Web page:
Just back from yet another Financial Services Forum event on RDR and the implications thereof, and as usual I’m seething with anger and frustration – partly at the continuing confusion and misunderstanding that most people still seem to bring to RDR-related matters, and partly because of the collective failure of the FS imagination to be able to see any way that things could start to become very different as a consequence of it all.
This feels like two blogs’-worth of grumbling, with this first one focusing on the confusion and misunderstanding side and the second on how things could be different.
Much of this morning’s discussion, fuelled by some very confusing and misleading new consumer research findings, was to do with the already-flogged-to-death shock horror around the alleged danger that financial advice will be withdrawn from large numbers of modestly affluent consumers (the cited investable assets figure is almost always £50,000) with allegedly disastrous consequences.
As far as I can see, virtually everything about this panic – actually, perhaps it is absolutely everything – is wrong. Let’s count the ways.
1. As far as existing clients with £50,000 or less invested are concerned, IFAs definitely won’t want to rock the boat because for as long as the boat remains unrocked they continue to enjoy 0.5% of trail commission every year. The idea that they’ll be actively shedding all these little 00-Gauge gravy trains is ridiculous.
2. As far as new business from either existing or new clients is concerned, the fact is that the remuneration that most IFAs will be proposing post-RDR is in real terms exactly the same as it was pre-RDR: 3% upfront and 0.5% ongoing adviser charge. And under the Provider-Facilitated Adviser Charging regime, these amounts will be taken directly from the value of the clients’ investments, just as they were under the commission regime. Something conceptually important has changed: it is now the client paying for the advice, rather than the product provider paying with the client’s money. But in practical and financial terms, nothing has changed.
3. This can only mean one (or more than one) of three things about the previous commission regime: a) Intermediaries never realised how dreadfully unprofitable these clients were, but as a result of the analysis they’ve been doing in preparation for RDR they have finally come to understand the full horror of the situation. b) Intermediaries did realise that they couldn’t possibly make money on these numbers, so they tended to pile these low-value clients into very high-commission-paying products like investment bonds, where they could help themselves to a completely-unacceptable 7% or so of the clients’ money. c) They realised that they couldn’t make any money on these numbers if they actually did any work for these clients, so having once arranged the initial investment (and very likely pocketed the 7% initial commission) they then continued to trouser the 0.5% ongoing trail commission in return for doing no work and offering no service at all.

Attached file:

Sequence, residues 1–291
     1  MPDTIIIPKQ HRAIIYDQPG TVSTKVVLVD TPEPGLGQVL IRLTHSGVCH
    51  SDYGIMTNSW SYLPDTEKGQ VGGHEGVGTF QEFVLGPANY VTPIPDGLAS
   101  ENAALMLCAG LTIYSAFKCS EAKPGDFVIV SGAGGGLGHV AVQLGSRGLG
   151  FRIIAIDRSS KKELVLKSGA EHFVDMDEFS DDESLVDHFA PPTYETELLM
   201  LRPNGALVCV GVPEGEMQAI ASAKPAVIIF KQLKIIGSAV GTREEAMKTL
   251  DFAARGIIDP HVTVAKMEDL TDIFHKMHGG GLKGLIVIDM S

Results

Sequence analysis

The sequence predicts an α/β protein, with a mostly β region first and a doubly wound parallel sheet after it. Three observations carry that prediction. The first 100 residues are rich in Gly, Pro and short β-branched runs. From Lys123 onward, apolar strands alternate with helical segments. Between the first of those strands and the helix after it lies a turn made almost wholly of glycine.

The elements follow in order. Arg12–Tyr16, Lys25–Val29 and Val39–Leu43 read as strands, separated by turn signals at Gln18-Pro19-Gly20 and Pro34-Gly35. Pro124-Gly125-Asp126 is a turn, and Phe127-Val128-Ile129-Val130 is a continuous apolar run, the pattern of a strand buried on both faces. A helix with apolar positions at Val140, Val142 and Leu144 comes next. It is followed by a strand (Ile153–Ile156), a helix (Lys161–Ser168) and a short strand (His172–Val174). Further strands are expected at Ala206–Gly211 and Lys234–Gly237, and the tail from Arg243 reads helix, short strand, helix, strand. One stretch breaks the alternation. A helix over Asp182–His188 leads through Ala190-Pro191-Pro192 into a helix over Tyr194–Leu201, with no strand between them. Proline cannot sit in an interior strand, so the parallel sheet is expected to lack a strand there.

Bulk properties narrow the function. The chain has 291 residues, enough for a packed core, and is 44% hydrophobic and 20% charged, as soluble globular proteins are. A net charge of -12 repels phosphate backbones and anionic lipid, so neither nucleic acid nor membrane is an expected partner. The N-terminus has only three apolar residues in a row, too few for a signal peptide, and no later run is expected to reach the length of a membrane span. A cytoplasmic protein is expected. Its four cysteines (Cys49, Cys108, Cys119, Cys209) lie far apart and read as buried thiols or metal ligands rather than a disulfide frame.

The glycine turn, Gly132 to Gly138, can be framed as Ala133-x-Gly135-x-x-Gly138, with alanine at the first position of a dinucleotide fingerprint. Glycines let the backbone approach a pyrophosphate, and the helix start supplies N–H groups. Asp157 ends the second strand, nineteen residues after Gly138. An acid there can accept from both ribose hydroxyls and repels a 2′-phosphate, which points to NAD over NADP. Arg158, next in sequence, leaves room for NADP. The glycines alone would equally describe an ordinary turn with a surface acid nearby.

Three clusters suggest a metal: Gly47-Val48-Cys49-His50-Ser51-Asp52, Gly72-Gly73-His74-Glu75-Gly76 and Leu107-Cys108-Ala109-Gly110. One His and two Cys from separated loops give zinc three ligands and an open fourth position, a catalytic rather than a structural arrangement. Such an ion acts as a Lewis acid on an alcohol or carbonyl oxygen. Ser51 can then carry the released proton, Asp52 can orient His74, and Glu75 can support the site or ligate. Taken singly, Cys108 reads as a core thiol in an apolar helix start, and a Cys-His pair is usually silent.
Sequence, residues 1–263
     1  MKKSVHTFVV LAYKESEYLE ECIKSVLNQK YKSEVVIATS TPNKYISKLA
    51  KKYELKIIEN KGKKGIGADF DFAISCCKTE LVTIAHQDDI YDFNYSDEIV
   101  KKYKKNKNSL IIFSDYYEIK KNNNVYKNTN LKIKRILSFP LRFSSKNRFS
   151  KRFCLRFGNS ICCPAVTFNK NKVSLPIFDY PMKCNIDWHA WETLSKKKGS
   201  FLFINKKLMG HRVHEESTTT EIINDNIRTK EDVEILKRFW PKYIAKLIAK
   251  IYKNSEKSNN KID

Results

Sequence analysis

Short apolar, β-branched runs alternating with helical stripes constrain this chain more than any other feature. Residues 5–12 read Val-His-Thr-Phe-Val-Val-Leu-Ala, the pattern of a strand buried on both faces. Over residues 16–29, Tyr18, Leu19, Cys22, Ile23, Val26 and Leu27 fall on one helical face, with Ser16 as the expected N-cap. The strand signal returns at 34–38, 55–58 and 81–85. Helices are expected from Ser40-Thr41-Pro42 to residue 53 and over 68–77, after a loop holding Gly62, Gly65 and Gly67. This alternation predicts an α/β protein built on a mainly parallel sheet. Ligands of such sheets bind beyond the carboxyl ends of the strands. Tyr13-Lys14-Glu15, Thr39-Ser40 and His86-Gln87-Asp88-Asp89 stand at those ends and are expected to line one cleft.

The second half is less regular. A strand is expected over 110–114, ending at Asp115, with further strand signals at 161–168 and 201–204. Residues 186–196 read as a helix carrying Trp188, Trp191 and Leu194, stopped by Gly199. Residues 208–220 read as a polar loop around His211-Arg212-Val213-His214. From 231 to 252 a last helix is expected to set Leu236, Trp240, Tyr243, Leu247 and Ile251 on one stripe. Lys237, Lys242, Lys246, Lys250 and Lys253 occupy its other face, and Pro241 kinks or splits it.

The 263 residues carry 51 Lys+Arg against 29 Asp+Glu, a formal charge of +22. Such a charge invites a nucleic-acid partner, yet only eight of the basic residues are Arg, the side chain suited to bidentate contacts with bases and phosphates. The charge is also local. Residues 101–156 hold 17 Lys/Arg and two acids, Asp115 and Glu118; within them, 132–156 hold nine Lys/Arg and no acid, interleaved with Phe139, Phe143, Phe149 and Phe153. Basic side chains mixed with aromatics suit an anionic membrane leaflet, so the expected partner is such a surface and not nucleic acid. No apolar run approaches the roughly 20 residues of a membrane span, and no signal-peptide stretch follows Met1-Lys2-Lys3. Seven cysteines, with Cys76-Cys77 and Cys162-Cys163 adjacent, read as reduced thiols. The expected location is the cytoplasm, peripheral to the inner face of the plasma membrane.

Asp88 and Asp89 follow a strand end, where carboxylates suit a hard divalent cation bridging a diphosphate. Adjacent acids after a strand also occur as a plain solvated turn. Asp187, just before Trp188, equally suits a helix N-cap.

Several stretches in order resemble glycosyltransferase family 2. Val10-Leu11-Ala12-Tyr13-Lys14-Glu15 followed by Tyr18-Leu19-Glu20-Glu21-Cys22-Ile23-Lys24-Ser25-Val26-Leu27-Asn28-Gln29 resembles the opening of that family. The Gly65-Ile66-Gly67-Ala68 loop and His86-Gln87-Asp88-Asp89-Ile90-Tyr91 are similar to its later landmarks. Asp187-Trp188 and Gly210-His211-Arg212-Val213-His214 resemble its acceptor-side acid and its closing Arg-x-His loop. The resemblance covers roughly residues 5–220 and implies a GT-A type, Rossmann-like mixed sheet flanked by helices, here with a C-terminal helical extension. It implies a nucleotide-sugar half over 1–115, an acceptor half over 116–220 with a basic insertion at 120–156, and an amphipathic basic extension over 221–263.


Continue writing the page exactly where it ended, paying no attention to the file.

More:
If any of these three things is, or rather was, the case, then you have to say that offering good financial advice to people with little money is fundamentally not viable, and the sooner it comes to an end the better it’ll be for everyone.
As I’ve said many times, people with little money rightly avoid top-of-the-market, high-cost advice in all sorts of areas. They don’t get their tax advice from PwC, or their interior decorating advice from David Hicks. When they get divorced. they don’t become clients of Mishcon de Reya. If they want advice on what films to watch, they get it from the newspapers and Time Out rather than personally from Lord Puttnam. They get holiday advice from Expedia, not Ranulph Fiennes. And they get advice on what car to buy from What Car, not an individual consultation with Jeremy Clarkson.
All of this is the least surprising news in the world, not least because in pretty much the whole of the previous paragraph I could have replaced “they” with “I”. Nearly all the time, we know that the cost of individual financial advice is too high to make sense for nearly all of us. But then, occasionally, we’re faced with something really difficult and important, and we decide we want the best advice, and we know we’ll have to pay for it: a freelance friend of mine is currently the subject of a full HMRC investigation, and although he hasn’t actually gone to PwC he has gone to a specialist accounting firm that won’t cost him much less.
The really bad news for people in the middle and mass market is not that all of a sudden no adviser wants to touch them, but is rather that for at least the last thirty years – probably longer – there has been no widely-available, sensible, reliable, affordable way for them to buy the financial services they need. There have of course been some good advisers serving this part of the market, and some good direct sales companies. But let’s be honest: not many. On the whole, most of the time, the only choice people have been able to make is by whom, and in what way or ways, they want to be ripped off: dodgy commission-driven product recommendations, excessive initial charges, excessive ongoing charges, consistently poor performance or a complete lack of fitness for purpose. (At worst, as for example in the case of PPI, for millions of people it has been all of the above.)
If RDR brings some new pressures to bear that accelerate the demise of this disgraceful era, I see that as an entirely good thing to be welcomed with the most open of arms. I simply cannot understand why so many others – including most at the event this morning – see it primarily as a Withdrawal Of Advice From The Mass Market shock horror scandal.